I have just listened to a wonderful TED talk by the Turkish novelist Elif Shafak that indirectly makes a powerful case for a literary education. Shafak doesn’t specifically recommend that we read more lit when she discusses “the revolutionary power of diverse thought,” but she makes it clear that great writers articulate the world’s diversity.
Shafak says that the pressures of our global world have people longing for simple answers:
I think our world is full of unprecedented challenges, and this comes with an emotional backlash, because in the face of high-speed change, many people wish to slow down, and when there’s too much unfamiliarity, people long for the familiar. And when things get too confusing, many people crave simplicity.
To negotiate these challenges, “emotional intelligence” is required. Without it, societies fall prey to demagogues:
[The demagogue] tells us that we all belong in our tribes, and he tells us that we will be safer if we are surrounded by sameness…I think [demagogues] have one unmistakable quality in common: they strongly, strongly dislike plurality. They cannot deal with multiplicity. Adorno used to say, “Intolerance of ambiguity is the sign of an authoritarian personality.” But I ask myself: What if that same sign, that same intolerance of ambiguity–what if it’s the mark of our times, of the age we’re living in? Because wherever I look, I see nuances withering away…
I think binary oppositions are everywhere. So slowly and systematically, we are being denied the right to be complex…
While we may not acknowledge our complexity, we are not as “solid” as the demagogue claims:
So just like solid countries was an illusion, singular identities is also an illusion, because we all have a multiplicity of voices inside. The Iranian, the Persian poet, Hafiz, used to say, “You carry in your soul every ingredient necessary to turn your existence into joy. All you have to do is to mix those ingredients.”
And I think mix we can. I am an Istanbulite, but I’m also attached to the Balkans, the Aegean, the Mediterranean, the Middle East, the Levant. I am a European by birth, by choice, the values that I uphold. I have become a Londoner over the years. I would like to think of myself as a global soul, as a world citizen, a nomad and an itinerant storyteller. I have multiple attachments, just like all of us do. And multiple attachments mean multiple stories.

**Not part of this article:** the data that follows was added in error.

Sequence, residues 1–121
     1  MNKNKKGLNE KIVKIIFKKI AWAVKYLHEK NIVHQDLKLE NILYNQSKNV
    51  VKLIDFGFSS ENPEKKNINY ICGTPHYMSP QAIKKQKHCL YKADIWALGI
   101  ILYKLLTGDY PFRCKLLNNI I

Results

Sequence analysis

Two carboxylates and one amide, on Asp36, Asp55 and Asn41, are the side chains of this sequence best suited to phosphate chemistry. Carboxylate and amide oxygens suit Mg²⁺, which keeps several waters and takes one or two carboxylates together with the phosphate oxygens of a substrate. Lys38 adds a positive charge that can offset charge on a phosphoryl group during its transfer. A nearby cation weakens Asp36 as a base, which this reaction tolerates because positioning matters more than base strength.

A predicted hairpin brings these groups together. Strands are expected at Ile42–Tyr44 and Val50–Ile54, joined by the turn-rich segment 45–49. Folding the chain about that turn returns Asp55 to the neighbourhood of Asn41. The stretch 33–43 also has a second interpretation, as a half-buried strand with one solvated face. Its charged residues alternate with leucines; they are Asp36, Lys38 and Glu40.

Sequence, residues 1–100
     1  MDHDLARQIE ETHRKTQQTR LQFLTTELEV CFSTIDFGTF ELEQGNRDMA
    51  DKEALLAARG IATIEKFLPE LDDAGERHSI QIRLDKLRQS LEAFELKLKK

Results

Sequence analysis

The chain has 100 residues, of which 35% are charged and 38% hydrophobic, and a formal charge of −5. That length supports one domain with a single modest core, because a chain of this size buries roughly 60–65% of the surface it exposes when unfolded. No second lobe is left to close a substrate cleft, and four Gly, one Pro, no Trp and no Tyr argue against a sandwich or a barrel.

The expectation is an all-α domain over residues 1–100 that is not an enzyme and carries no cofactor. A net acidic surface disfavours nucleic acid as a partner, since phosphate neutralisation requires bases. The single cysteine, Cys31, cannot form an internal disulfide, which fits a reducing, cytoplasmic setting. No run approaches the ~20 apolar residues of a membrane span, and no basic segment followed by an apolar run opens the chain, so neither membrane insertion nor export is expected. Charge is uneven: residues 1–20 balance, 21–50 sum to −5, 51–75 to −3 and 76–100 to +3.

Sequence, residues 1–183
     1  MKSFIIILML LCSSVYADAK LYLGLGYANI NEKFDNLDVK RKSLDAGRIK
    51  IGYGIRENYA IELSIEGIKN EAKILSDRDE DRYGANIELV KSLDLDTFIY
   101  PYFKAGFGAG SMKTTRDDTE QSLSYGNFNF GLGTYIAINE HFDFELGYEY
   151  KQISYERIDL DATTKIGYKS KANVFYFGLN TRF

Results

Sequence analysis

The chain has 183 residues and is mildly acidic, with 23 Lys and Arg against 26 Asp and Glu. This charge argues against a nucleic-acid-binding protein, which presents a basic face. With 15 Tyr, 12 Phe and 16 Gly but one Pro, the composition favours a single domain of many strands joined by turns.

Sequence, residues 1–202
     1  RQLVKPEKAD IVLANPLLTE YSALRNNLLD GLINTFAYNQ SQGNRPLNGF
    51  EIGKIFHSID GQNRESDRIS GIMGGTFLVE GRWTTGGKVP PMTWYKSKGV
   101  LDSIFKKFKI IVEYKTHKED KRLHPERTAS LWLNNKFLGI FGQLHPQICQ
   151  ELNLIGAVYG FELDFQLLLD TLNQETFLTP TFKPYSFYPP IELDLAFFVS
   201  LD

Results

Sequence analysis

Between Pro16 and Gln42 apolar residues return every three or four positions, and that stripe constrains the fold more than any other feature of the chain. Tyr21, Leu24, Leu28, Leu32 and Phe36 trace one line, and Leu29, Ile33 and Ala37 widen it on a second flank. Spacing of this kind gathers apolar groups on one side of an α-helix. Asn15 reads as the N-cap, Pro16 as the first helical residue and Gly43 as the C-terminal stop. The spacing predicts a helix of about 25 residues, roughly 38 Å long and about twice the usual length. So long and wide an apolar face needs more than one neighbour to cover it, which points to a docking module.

Here, then, is the vital necessity of storytellers: they point out the multiplicity that the authoritarian denies.
“So what can we do?” Shafak asks. To construct a more diverse perspective, we must learn from the enemy:
The Lebanese poet Khalil Gibran used to say, “I learned silence from the talkative and tolerance from the intolerant and kindness from the unkind.” I think it’s a great motto for our times.
So from populist demagogues, we will learn the indispensability of democracy. And from isolationists, we will learn the need for global solidarity. And from tribalists, we will learn the beauty of cosmopolitanism and the beauty of diversity.
Shafak concludes by noting that writers are central to this learning process:
I think for writers, for storytellers, at the end of the day, there is one main homeland, and it’s called “Storyland.” And the taste of that word is the taste of freedom.
So to sum up, writers help foster the emotional intelligence necessary to live in a complex and diverse world. Through literature, we push against the demagogues that rail against complexity. To read is to resist.